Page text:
Overall, this is a highly dense, interesting, and current collection of thinking on the topic of knowledge economies. I enjoyed reading this book. This book will be an excellent supplemental text for graduate courses in the areas of information systems, group and team studies, knowledge management, industrial economics, and technology management. The book is well-organized and the chapters flow logically. The book can be appreciated by both novices and experts in a wide array of disciplines, and its readership could include students, researchers, policy makers, and even curious minds that have an interest in economic development. While the book is quite dense already, I would have liked to see more references made to the mainstream knowledge management, knowledge organization, and even anthropological studies on the development of economies. These references are absent for the most part. This is a major shortcoming. At the very least, I would have expected the editor to state, even if only briefly, why that literature was ignored or not considered salient to the arguments laid forth in the book. The other concern I found is that the collection of authors, each of whom is highly accomplished and noteworthy, did not represent a globally representative group. I would have liked to see comments from authors in knowledge economies that have not yet developed or are struggling with the issues that the book points to. Bringing the perspective of these authors in the book would have made it a more comprehensive and engaging read. These limitations aside, I still feel energized about my own research agenda, in the area of knowledge management and complex informational problems, and the zeal for doing research that furthers the development of sustainable knowledge economies. The editors should be commended for doing an excellent job assembling this valuable scholarly product.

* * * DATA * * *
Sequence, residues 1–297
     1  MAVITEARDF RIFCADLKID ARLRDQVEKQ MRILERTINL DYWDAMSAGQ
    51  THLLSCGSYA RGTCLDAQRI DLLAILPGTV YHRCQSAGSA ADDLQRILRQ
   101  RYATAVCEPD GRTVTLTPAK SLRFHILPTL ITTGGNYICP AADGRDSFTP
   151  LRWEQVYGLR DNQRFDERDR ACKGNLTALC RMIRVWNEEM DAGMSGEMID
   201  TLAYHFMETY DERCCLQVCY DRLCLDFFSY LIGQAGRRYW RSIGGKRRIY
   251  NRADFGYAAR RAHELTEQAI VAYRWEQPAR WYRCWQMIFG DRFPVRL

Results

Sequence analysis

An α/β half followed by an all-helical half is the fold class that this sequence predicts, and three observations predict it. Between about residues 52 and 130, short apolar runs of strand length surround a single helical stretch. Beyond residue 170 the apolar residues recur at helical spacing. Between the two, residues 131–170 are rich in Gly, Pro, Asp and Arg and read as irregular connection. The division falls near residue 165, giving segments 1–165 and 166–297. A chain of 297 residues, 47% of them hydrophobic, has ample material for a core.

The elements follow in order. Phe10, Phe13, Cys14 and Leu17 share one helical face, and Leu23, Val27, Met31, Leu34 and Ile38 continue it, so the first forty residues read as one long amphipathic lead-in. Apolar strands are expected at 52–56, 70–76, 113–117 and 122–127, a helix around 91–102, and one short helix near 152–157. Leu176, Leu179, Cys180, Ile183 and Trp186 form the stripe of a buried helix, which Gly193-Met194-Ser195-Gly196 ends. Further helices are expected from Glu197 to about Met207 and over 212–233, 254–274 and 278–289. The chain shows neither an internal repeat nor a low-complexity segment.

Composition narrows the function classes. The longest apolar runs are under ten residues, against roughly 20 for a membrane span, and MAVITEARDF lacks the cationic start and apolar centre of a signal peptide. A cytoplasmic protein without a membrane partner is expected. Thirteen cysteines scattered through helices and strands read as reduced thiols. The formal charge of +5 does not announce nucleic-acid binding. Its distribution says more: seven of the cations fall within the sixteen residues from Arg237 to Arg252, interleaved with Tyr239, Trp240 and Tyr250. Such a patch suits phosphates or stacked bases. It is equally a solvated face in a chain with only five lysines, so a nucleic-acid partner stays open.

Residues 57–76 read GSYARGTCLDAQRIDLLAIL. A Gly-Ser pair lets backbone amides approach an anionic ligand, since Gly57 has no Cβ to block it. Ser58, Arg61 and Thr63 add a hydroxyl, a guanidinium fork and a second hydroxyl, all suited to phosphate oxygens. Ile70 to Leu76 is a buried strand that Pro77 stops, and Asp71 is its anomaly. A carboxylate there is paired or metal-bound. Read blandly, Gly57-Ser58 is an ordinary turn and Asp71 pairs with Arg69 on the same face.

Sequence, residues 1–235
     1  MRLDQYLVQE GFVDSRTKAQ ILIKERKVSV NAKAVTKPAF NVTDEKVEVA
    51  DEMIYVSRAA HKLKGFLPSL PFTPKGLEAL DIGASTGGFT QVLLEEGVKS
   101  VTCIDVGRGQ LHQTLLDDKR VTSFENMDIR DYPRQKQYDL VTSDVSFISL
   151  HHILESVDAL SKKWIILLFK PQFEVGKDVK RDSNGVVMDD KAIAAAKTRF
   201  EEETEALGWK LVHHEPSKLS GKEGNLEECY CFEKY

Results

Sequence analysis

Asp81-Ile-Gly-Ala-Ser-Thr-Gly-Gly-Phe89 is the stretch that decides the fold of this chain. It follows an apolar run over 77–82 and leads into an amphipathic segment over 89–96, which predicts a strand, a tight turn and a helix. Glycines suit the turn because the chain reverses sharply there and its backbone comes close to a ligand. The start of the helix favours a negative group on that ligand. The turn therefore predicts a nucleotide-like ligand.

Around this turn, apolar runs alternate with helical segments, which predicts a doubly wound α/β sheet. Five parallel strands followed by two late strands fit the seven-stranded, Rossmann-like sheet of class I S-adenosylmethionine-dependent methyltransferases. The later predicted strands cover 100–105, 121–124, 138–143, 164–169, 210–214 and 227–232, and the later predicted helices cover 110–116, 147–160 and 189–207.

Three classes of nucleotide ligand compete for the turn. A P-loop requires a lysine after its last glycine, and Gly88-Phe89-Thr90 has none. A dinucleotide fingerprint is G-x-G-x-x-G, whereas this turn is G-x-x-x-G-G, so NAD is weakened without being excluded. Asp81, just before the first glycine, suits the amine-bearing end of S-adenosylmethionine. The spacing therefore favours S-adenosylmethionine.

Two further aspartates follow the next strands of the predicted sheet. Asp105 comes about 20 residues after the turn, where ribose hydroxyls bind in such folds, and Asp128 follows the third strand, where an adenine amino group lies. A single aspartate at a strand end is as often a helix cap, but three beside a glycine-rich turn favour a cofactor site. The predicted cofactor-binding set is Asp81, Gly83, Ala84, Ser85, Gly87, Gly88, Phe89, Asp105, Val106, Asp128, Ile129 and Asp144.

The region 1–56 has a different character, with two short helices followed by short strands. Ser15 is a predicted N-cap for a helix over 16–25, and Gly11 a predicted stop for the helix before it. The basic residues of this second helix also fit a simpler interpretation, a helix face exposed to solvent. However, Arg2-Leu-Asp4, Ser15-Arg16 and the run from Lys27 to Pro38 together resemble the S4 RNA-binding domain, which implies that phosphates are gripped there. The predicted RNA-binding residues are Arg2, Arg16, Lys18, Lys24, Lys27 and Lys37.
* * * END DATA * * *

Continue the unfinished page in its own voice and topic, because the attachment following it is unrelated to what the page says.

Friday, July 13, 2007

Global Preponderance : 2007 Bled Strategic Forum: European Union 2020: Enlarging and Integrating